This rule change adopts an appendix that defines minimum operating standards for municipal courts and their personnel to abide by. Several of these new minimum standards relate to fines and fees practices.
This short documentary film tells the story of two St. Louis women who were unjustly incarcerated because of failure to pay their fines and fees.
The author conducted qualitative research to assess the effect of private probation on people under parole supervision for misdemeanor offenses in Florida, Kentucky, Missouri, and Tennessee. In some of these states, private parole officers have the authority to control critical aspects of a person’s parole terms.
This report is a culmination of a year of research that involved interviews conducted with 380 people who made contact with systems of justice in eight states and were assessed fines and fees.
This review of law and policy is the first-year report of a five-year study comprising quantitative and qualitative research that provides a detailed understanding of how fines and fees are imposed and enforced across the United States.
In this five-part research paper, Professors from Saint Louis University’s School of Law examine the “economic impact of discriminatory municipal law enforcement” in St. Louis County, Missouri.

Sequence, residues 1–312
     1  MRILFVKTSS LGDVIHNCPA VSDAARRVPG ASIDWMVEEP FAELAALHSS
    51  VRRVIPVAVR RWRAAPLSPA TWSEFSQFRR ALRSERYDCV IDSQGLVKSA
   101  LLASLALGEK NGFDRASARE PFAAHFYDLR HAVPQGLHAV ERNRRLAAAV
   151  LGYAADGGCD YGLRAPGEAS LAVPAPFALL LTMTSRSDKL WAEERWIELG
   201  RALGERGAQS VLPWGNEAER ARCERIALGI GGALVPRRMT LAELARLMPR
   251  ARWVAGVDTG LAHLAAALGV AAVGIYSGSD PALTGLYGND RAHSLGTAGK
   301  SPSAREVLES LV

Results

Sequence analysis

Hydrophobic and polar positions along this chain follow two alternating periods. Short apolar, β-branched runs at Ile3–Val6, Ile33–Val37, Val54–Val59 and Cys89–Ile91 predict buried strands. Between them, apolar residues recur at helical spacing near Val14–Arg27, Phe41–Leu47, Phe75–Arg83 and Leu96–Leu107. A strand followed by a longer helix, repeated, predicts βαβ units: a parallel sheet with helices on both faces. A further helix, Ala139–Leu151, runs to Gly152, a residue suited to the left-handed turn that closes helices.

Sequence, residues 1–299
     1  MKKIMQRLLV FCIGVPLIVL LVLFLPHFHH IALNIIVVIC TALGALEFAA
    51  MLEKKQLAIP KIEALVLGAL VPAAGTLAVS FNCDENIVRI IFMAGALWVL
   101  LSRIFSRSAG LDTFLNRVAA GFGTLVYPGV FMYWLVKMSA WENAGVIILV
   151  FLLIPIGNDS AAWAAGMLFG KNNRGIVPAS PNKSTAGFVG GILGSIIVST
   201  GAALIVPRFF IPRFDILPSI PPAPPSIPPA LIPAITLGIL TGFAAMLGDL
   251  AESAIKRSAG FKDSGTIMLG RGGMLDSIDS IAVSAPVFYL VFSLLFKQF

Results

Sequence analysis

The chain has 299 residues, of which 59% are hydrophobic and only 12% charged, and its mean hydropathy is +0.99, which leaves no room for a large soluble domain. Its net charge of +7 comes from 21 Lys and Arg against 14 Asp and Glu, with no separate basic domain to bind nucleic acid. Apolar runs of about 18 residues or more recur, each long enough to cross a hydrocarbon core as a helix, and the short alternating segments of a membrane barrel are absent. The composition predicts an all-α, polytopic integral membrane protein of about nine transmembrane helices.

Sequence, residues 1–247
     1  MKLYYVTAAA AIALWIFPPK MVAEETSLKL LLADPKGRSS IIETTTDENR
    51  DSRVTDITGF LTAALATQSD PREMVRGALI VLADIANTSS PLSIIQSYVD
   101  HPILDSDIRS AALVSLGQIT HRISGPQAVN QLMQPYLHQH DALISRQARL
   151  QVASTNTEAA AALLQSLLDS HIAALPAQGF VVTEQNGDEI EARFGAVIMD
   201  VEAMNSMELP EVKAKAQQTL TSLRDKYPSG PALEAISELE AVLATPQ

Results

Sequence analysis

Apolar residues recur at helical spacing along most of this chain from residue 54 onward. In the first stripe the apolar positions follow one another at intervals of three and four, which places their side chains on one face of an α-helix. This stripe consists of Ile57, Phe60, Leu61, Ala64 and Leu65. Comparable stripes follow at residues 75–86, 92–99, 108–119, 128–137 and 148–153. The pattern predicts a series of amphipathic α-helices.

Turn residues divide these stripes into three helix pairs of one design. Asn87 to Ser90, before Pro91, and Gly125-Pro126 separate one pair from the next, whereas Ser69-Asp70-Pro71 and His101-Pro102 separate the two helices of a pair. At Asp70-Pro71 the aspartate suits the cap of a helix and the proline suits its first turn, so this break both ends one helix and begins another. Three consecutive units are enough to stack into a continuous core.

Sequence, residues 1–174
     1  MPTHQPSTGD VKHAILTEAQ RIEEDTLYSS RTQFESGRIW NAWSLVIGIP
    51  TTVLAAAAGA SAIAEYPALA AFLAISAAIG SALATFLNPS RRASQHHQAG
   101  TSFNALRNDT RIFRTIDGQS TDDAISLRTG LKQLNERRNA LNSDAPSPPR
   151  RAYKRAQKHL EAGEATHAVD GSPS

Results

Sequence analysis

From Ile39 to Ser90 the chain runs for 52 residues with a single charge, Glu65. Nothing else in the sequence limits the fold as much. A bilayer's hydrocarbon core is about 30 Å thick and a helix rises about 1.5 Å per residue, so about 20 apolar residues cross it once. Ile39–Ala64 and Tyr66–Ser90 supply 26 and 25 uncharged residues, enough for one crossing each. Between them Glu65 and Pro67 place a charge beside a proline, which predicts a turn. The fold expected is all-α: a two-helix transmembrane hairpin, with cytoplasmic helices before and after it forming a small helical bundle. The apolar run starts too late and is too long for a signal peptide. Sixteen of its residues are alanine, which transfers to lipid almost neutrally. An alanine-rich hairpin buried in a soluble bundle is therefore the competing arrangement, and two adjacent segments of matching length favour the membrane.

Fleming filed writ of habeus corpus alleging he was unlawfully confined because his probation was revoked solely because of his indigency.
This video provides an overview of the history of debtors’ prisons in the U.S. and features compelling commentary from citizens describing how our current system of court fines and fees put them in difficult situations and made them resort to desperate measures for survival.
In violation of due process rights, the City of Florissant jails people unable to pay court fines and fees without any inquiry into their ability to pay.
This case challenged the constitutionality of a $3 surcharge imposed on litigants in municipal court for the sheriff’s retirement fund. The trial court dismissed for lack of standing. The appellants claimed to have standing as taxpayers, administrators, and as one who paid the surcharge.